When Redmond resident Rick Smith was a young firefighter working the night shift, he began writing poems, but didn't share them with anyone—he stored them in a closet.
Forty years later, he published his verses. The resulting books are helping to fund an annual poetry contest that awards scholarship money to local high school students.
After Smith’s first book of poetry, A Sweeter Understanding, won an Independent Book Publishers Association award in 2007, he was invited to speak at a high school in northern Michigan. There he met a librarian who held a student poetry contest each year. The prizes were paper certificates. Rick was impressed with the motivating effect the contest had on the students.
“On the plane home,” Smith said, “I thought about what I could do to improve on the idea.”
He decided to raise funds for a local poetry contest with cash prizes. He recruited schools, donors, and judges, and in 2008 the New Poets Society awarded $3,000 to four students at three Eastside high schools.
Smith says the purpose of the group is “to encourage students’ creativity and interest in becoming writers.” But the former fire chief of Mercer Island and SeaTac airport, who hired and supervised numerous employees during his career, also believes that writing skills are critical for job success.
Smith visits participating schools and talks to the students about writing. He tells them, “Anybody can write poetry—it’s just practice, practice, practice,” and offers advice like, “To invoke wonder, pick ordinary things. Take the ordinary to the extraordinary.”
He gives each of the kids a packet with tips on how to write, find inspiration, and get published. Students can then choose to write a poem for the contest.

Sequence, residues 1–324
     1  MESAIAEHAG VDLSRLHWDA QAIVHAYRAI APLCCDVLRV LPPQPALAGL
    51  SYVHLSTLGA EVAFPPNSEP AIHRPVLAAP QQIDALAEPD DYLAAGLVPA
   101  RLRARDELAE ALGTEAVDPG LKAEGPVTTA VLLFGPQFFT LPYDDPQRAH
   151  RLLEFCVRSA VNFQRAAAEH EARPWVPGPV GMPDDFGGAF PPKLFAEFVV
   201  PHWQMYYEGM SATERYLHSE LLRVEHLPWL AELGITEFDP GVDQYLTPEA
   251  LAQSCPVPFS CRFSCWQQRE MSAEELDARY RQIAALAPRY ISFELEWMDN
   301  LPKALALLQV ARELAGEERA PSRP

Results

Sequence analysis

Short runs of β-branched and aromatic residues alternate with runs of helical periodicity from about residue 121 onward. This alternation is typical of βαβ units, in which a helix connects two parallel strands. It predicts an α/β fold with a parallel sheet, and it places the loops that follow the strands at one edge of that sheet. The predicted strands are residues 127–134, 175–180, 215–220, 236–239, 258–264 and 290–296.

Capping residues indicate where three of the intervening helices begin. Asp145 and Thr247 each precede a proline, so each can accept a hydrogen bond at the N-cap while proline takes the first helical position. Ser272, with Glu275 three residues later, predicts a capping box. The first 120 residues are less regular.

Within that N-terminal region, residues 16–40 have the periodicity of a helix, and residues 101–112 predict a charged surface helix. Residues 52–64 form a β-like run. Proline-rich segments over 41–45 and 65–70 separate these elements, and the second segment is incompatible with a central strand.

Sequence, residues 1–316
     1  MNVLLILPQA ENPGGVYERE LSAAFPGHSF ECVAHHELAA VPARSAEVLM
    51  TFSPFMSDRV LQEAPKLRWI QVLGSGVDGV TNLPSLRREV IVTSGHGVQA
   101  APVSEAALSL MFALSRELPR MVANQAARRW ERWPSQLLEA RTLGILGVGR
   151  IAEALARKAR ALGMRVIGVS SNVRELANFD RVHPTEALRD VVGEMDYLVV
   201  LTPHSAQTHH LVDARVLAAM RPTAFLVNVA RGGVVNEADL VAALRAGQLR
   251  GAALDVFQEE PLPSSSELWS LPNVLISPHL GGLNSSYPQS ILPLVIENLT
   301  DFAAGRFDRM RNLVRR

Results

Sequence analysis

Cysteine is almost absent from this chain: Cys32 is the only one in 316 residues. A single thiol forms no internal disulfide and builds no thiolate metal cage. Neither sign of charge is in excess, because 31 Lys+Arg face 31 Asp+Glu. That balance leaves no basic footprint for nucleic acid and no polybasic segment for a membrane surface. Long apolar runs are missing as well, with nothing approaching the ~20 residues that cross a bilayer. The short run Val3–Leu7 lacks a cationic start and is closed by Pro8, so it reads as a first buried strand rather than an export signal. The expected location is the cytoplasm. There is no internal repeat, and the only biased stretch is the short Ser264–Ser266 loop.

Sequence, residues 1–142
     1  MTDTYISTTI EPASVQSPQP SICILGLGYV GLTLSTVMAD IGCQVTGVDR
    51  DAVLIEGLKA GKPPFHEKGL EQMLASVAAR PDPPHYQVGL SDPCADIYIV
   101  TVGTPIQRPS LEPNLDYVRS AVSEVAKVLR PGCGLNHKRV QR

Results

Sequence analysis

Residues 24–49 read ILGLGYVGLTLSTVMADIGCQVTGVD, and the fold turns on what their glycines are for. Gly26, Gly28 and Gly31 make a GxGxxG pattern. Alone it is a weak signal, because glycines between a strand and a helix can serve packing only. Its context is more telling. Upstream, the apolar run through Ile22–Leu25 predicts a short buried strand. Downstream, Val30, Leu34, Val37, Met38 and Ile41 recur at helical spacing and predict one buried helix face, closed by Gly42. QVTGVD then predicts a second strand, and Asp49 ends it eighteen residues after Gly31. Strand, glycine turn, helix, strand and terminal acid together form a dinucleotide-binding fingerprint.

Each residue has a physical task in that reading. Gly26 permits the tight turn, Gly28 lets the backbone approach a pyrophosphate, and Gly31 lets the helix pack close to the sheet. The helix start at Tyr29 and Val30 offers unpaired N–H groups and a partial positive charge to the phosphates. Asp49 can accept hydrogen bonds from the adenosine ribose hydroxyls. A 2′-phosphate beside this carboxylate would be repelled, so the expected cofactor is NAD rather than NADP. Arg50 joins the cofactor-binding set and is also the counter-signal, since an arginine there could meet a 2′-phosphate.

Teachers submit their top candidates and the New Poets Society judges—poets from all over Western Washington who donate their time—read and discuss the poems before choosing the winners.
Katy Boness, an English teacher at Interlake High School, has been working with the New Poets Society since it began. She says it offers her students “a terrific opportunity.” The judges “understand the wisdom, insights and creativity of adolescents.”
Money for the prizes comes from the Redmond Rotary, individual donors, and proceeds from Smith’s books. He volunteers his time.
In 2011, Smith spoke to 634 students, who submitted 250 poems. Six winners received $3,500 in scholarships. The first place Judges’ Choice Award went to Redmond High School student Clair Dunlap for her poem “Roots.”
"Not only has poetry helped me to work through a lot of different situations in my life," Clair said, "but it helped me get into college, to be more confident in front of others, and to know that what I have to say is important. I'm glad NPS is around to inspire other teenagers."
The contest is held each April during National Poetry Month. The first-prize winner’s name is added to a “perpetual trophy” that lives at that student’s school for a year.
The award recipients are given opportunities to recite their work at local poetry readings. Past venues have included Redmond Association of the Spoken Word, Soul Food Books in Redmond, Parkplace Books in Kirkland, and Redmond Rotary.
Smith says it’s been a joy to work with the students and see their talent and potential. “This is my passion."